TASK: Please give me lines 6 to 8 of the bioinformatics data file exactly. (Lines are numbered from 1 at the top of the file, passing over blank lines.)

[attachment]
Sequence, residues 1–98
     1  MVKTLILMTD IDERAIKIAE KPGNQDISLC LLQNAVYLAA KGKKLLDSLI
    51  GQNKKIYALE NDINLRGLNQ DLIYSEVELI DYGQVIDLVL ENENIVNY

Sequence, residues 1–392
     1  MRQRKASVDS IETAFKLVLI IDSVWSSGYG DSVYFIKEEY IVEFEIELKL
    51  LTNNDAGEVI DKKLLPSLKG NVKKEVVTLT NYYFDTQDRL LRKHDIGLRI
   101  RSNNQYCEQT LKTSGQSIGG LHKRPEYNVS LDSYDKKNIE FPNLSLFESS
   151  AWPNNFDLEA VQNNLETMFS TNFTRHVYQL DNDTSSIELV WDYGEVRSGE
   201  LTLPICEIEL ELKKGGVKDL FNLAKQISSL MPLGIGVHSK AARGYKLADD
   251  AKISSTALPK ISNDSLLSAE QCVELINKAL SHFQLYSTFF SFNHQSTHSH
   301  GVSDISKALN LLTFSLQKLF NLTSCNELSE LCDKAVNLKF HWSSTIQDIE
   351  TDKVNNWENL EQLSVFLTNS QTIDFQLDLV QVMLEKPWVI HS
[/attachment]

    51  LTNNDAGEVI DKKLLPSLKG NVKKEVVTLT NYYFDTQDRL LRKHDIGLRI
   101  RSNNQYCEQT LKTSGQSIGG LHKRPEYNVS LDSYDKKNIE FPNLSLFESS
   151  AWPNNFDLEA VQNNLETMFS TNFTRHVYQL DNDTSSIELV WDYGEVRSGE